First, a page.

Temperature can be inferred from the isotope ratios for carbon (carbon-12 and carbon-13C) and oxygen (oxygen-16 and oxygen-18) in the skeletons of sea foraminifers, in the bottom deposits in Sargasso Sea (Northern Atlantic). These indicate that in the last 3,000 years, the climate on Earth has been constantly changing, and the scope of changes in modern times does not differ from those of the past.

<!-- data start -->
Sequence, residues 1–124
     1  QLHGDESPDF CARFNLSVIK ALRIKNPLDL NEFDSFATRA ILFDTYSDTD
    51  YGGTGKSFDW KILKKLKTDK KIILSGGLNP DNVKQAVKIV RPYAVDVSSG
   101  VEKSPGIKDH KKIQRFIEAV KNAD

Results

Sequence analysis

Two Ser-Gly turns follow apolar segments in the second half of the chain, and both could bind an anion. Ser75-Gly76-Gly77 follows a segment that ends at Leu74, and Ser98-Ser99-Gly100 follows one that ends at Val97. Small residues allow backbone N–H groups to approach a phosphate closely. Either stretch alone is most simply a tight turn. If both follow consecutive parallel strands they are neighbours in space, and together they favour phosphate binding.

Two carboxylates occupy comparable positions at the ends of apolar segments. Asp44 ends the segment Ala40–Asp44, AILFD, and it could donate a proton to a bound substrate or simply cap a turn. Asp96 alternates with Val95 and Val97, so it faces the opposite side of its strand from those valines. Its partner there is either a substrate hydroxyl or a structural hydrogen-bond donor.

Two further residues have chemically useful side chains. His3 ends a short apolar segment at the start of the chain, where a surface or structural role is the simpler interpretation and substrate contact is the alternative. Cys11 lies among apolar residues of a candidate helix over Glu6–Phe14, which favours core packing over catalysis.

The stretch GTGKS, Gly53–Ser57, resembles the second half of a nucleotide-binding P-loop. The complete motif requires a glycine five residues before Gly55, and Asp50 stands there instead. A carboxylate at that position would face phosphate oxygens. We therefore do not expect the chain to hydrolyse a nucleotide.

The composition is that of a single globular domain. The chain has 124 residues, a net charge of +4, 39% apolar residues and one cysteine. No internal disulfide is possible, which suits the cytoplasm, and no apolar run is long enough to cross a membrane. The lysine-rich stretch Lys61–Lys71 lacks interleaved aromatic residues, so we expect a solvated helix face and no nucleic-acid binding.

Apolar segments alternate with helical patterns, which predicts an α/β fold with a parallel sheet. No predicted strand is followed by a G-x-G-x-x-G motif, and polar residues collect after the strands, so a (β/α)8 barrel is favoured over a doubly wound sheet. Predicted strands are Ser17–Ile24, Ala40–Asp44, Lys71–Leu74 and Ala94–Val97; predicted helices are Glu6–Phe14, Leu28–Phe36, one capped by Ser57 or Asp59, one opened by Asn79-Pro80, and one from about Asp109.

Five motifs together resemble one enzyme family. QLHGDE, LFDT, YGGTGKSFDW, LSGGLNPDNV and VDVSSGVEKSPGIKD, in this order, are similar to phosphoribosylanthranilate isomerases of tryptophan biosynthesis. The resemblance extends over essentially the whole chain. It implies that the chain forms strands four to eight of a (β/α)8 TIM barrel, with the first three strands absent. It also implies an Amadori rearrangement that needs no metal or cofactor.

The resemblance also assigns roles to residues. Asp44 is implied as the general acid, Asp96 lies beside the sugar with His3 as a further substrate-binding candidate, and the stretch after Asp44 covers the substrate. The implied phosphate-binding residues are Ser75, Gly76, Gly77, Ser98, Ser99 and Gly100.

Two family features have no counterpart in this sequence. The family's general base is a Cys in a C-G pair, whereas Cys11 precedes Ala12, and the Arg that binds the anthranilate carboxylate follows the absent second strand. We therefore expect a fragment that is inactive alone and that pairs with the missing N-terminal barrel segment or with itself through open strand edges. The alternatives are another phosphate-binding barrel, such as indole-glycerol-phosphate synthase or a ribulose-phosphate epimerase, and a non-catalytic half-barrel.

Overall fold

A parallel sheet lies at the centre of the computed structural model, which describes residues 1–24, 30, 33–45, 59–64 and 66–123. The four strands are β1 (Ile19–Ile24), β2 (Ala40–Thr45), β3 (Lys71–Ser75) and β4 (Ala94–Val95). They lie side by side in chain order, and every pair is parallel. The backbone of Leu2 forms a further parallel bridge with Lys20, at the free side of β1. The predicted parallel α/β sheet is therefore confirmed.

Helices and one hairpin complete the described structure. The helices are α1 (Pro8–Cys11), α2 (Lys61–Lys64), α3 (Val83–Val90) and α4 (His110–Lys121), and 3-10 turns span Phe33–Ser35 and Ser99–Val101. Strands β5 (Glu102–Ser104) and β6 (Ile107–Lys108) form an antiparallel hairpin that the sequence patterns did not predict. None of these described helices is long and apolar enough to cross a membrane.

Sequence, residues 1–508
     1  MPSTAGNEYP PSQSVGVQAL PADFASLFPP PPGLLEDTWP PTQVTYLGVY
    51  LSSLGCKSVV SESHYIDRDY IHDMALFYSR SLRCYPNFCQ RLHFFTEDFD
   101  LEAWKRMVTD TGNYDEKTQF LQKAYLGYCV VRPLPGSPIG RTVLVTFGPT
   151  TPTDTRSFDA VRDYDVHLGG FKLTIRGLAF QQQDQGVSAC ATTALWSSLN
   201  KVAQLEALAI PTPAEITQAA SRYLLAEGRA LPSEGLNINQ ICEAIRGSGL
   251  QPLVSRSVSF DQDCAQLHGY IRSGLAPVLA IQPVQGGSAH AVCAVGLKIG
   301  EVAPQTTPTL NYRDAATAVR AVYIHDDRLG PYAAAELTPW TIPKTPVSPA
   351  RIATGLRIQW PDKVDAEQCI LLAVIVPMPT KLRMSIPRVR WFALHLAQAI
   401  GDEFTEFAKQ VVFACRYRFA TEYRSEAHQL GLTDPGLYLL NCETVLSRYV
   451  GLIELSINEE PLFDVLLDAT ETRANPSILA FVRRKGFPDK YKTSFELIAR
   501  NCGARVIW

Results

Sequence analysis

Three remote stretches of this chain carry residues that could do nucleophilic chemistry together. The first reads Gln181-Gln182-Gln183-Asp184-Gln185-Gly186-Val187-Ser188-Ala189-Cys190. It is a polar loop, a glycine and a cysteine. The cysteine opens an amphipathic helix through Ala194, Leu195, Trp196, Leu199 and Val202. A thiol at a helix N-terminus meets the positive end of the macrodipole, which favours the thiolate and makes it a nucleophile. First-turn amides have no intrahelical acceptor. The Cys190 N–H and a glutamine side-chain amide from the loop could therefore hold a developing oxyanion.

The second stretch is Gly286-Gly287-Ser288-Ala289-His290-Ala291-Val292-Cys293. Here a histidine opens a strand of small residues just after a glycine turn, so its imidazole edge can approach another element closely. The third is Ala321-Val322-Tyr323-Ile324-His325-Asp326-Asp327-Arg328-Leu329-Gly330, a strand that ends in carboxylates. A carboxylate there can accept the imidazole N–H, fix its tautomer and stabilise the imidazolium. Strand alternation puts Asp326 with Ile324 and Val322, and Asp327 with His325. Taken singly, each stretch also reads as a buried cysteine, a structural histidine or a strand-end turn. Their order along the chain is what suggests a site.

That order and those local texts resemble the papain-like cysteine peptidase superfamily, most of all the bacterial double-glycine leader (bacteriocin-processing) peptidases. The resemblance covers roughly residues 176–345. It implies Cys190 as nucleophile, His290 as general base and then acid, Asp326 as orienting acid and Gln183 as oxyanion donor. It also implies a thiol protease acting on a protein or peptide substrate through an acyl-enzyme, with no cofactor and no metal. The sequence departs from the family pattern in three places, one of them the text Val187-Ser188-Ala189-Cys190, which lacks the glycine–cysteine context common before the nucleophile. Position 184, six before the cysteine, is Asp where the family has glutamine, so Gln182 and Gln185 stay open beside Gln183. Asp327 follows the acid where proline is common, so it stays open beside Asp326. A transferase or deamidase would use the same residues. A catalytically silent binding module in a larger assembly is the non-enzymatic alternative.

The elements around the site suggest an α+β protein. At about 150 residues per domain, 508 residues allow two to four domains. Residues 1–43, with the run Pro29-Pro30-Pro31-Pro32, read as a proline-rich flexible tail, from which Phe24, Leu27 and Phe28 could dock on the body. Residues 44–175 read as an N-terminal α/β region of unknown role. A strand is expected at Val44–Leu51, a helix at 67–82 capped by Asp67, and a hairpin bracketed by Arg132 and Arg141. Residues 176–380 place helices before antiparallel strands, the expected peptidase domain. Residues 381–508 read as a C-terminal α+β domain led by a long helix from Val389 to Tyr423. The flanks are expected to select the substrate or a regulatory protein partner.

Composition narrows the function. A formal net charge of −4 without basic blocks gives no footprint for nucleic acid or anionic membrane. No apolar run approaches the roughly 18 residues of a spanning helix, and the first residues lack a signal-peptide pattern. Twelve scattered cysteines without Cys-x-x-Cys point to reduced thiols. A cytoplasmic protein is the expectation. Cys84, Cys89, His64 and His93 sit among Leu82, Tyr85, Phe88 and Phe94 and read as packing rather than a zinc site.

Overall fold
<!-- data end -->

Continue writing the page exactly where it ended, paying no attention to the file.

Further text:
Shown are the Medieval Optimum (1,000 years ago) the beginnings of the Holocenic Optimum (2,500 years ago), and also the Little Ice Age (ca. 500 years ago) from which we are still emerging. The Early Middle Ages also witnessed a strong climate cooling, which had an impact on Europe's economic and cultural decline in this period.
Source: Adapted from L.D. Keigwin, et al., 1994. "The Role of the Deep Ocean in North Atlantic Climate Change between 70 and 130 Years Ago" Nature, Vol. 371, pp. 323-326